Thu Mar 14, 2019 9:56 pm #1682135
I would never rely on a software fix to an aerodynamic problem.
Put a tailplane and elevator on the aeroplane that is capable of ensuring stability and I would be happy.
Computerised stability in fighters, B2 bombers, and UAVs is one thing, but in passenger aircraft where aerodynamic stability is needed, they should be unnecessary.
This might have been true fifty years ago, but these days fuel efficency is the master. Tail surfaces are reduced to the minimum area, fuel is transfered aft in cruise to shift the c of g and achieve a minimum drag stabiliser angle, and artificial stability and envelope protection are the norm.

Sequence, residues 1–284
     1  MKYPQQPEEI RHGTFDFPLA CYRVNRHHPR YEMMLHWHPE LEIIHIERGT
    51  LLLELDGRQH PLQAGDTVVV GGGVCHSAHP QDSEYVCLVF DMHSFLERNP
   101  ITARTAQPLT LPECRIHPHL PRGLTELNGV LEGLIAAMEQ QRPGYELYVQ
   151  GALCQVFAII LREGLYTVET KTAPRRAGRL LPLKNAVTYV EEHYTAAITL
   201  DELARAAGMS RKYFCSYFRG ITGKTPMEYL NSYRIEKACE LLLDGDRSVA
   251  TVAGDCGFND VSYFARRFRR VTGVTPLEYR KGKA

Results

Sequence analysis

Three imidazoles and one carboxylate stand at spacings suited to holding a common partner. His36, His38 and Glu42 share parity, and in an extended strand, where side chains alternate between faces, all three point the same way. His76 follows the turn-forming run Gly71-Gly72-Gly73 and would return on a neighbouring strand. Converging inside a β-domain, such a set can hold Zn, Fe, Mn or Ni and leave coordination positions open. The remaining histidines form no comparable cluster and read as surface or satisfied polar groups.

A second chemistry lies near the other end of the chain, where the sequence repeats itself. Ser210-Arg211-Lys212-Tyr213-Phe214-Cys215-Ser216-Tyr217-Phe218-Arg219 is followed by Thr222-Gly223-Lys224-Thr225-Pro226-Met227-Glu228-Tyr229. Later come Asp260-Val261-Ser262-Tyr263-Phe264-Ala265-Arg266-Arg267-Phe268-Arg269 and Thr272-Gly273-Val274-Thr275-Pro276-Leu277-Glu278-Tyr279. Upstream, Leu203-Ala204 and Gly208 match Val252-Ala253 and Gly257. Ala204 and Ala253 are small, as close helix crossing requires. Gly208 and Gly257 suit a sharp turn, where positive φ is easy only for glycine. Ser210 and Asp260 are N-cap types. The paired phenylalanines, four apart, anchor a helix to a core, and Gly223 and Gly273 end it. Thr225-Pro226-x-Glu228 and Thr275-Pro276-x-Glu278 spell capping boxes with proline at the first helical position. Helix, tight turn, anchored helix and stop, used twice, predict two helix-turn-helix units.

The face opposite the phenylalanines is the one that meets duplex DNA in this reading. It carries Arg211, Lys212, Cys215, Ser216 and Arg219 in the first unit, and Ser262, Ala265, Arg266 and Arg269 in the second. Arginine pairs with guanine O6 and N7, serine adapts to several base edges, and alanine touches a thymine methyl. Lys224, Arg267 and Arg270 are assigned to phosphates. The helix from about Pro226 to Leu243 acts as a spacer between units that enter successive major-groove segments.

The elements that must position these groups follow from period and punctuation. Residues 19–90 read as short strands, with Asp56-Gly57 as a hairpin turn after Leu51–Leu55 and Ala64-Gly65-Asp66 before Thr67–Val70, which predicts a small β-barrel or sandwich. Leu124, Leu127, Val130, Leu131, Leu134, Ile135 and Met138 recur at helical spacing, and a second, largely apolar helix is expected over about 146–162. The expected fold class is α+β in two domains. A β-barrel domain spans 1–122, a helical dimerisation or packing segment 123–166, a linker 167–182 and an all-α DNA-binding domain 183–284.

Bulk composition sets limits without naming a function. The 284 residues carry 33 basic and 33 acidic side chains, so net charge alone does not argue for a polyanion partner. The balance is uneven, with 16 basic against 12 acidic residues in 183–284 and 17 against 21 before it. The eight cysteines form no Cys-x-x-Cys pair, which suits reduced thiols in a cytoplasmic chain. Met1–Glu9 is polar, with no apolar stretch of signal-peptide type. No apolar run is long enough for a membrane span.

The last airliner I flew, the Boeing/McDonnell Douglas MD11, was such a flying pig, partly because of the undersized tailplane, that it had no less than 4 yes 4! Longitudinal Stability Augmentation Systems, that were pushing and pulling 'behind the scenes' to make the beast handle acceptably in pitch. At least their function was documented in the manuals, unlike this latest Boeing product...